Council Bids a Fond Farewell to Rachel Pavone

Headshot of Rachel Pavone

Certified Vision Rehabilitation Therapist Rachel Pavone’s tenure with the Council lasted only for about a year and a half, but her contributions during that time have been many. And now Rachel is in a new transition. In November, Rachel decided to leave the Council for personal reasons. We were sad to say goodbye.

Rachel, known for her upbeat “can-do” attitude, was a teacher first and foremost. She worked with individuals with vision loss to educate them on ways to accomplish daily living activities independently. Rachel also taught braille to Council clients.

“Rachel provided caring, compassionate training to our Vision Services clients, developed the new vision rehabilitation classroom, created curriculum for teaching, and was a great addition to our team,” says Education and Vision Services Director Amy Wurf.

Rachel’s interest in the vision rehabilitation field sprang from personal experience. Diagnosed with progressive retinitis pigmentosa at age 9, she was fortunate to attend a public school system that had staff well-equipped to meet her needs. By the time she entered college, Rachel had lost her remaining vision. There was limited support and accommodation for Rachel in college. She quickly realized that she was going to have to figure many things out on her own. She taught herself to use screen reader technology and learned the process for obtaining instructional materials in braille. These lessons in resourcefulness, in conjunction with her formal training, provided Rachel with a very personal base from which to teach others.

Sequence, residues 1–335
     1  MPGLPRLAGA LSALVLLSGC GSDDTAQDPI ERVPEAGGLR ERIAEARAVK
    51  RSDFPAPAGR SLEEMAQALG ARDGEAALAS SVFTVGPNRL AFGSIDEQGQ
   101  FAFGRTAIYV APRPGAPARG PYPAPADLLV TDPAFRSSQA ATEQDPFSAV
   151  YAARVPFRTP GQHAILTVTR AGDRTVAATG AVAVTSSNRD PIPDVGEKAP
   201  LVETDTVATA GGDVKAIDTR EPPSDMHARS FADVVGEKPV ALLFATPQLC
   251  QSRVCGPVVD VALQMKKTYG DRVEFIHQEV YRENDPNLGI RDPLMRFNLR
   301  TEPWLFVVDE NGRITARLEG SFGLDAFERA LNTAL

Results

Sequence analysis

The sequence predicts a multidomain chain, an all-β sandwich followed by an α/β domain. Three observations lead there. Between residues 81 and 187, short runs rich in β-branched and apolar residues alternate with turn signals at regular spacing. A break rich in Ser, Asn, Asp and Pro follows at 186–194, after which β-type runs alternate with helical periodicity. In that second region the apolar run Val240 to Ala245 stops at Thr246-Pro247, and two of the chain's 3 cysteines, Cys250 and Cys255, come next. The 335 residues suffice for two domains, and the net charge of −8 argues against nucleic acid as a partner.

“Through all that, I realized that I wanted to help others who are blind and share the experiences I benefitted from that they may not have had growing up,” Rachel says.

Amy says Rachel will be missed for her contributions around the Council office almost as much as for her work with clients. “Rachel was always eager and willing to help out in any way and was often the first to volunteer for whatever was needed. We wish her all the best in her future endeavors,” Amy says.

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